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Roads less traveled

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If you are going to do business in Afghanistan, Mongolia, Kenya, UAE, you really ought to help the local economy, so that when and if you leave, something of value remains.

Over the years, ACCL has developed considerable expertise in the application of Steel Arch Formed Structures (K-Span) to building projects. One of the more cost effective construction methods available, this has proved a low cost way of providing durable commercial buildings in difficult terrain, and has been approved by the United States military. The system’s primary application is for warehousing and multi-use structures required to comply with a range of national and local specifications, and the characteristic round arched roofs of these buildings can be seen at ACCL projects throughout Afghanistan. The Mongolia subsidiary is now building ten K-Span warehouses for an agribusiness conglomerate in north-eastern Mongolia.

As the Mongolia business grows, the country can expect to benefit from some imaginative interventions on the humanitarian front, though as yet nobody knows what they will be. In Afghanistan, the company built orphanages, though its highest-profile project was its support of Skateistan, the first co-ed skateboarding school in Afghanistan which takes Afghan boys and girls of all ethnicities, genders, and socioeconomic backgrounds, teaching them not only skateboarding skills and skateboarding instruction, but also healthy habits, civic responsibility, information technology, the arts, and languages. ACCL built, at its own expense, the facility (the largest such facility in Asia) for the internationally- known project. “When boys and girls spend their one day a week at Skateistan, it is sometimes the only square meal they get.”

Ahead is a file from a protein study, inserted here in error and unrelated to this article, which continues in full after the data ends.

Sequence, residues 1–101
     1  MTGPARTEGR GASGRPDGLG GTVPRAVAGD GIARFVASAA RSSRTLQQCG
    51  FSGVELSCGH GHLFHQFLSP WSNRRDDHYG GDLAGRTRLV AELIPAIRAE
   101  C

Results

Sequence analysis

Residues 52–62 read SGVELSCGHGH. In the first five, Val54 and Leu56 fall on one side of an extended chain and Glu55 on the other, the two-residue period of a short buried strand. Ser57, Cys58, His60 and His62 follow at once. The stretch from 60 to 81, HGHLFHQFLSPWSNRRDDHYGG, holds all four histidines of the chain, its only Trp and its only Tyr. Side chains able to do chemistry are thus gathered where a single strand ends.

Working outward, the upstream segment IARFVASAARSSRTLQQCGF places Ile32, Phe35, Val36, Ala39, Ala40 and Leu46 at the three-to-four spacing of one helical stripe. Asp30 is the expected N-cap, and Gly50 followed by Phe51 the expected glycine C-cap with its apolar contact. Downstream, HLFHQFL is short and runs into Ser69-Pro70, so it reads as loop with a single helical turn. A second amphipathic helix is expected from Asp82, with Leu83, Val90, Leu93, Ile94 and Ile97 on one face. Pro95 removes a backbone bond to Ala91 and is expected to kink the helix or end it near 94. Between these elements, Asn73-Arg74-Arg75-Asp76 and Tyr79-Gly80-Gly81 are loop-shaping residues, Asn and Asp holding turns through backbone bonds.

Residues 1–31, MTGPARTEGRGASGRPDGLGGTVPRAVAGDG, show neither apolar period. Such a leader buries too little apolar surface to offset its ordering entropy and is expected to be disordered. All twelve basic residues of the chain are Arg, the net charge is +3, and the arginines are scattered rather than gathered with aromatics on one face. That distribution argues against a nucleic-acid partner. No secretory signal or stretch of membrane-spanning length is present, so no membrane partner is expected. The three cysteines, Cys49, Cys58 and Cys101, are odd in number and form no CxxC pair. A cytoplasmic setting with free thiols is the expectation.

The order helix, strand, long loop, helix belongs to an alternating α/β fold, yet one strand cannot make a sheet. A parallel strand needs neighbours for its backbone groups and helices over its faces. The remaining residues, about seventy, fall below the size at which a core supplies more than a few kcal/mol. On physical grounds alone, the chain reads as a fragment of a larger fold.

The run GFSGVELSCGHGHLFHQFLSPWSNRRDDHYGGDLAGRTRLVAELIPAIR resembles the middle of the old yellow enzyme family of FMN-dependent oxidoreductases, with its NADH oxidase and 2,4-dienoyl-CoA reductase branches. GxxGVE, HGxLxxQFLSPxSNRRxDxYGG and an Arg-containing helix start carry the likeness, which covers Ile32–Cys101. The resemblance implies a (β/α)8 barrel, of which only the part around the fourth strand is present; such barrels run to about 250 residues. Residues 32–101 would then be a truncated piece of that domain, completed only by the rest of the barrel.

Acting this way, Stukel suggests, embeds the business in the minds and hearts of the people, and differentiates it from the fly-in-fly-out, high security operations that typify service contracts in dangerous or demanding territory. The company has never had a confrontational situation with any of its employees, he says, largely because it has always consulted the traditional local leaders when setting up a project. In a highly diverse tribal country like Afghanistan, where not everyone gets along, this is the prudent approach.

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